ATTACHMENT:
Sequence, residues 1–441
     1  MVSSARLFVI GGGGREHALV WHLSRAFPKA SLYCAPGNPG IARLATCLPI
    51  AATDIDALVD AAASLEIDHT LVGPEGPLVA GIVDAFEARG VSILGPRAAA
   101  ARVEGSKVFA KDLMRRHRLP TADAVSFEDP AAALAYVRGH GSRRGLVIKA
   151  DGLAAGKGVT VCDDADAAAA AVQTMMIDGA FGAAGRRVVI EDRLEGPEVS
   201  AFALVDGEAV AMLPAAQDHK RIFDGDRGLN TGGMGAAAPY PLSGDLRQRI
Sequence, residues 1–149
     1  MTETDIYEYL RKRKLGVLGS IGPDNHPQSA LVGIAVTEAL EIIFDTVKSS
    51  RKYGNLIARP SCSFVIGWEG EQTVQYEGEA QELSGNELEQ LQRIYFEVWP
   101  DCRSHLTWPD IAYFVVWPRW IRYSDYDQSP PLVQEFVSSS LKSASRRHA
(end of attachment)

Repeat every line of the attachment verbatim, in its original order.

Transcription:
Sequence, residues 1–441
     1  MVSSARLFVI GGGGREHALV WHLSRAFPKA SLYCAPGNPG IARLATCLPI
    51  AATDIDALVD AAASLEIDHT LVGPEGPLVA GIVDAFEARG VSILGPRAAA
   101  ARVEGSKVFA KDLMRRHRLP TADAVSFEDP AAALAYVRGH GSRRGLVIKA
   151  DGLAAGKGVT VCDDADAAAA AVQTMMIDGA FGAAGRRVVI EDRLEGPEVS
   201  AFALVDGEAV AMLPAAQDHK RIFDGDRGLN TGGMGAAAPY PLSGDLRQRI
Sequence, residues 1–149
     1  MTETDIYEYL RKRKLGVLGS IGPDNHPQSA LVGIAVTEAL EIIFDTVKSS
    51  RKYGNLIARP SCSFVIGWEG EQTVQYEGEA QELSGNELEQ LQRIYFEVWP
   101  DCRSHLTWPD IAYFVVWPRW IRYSDYDQSP PLVQEFVSSS LKSASRRHA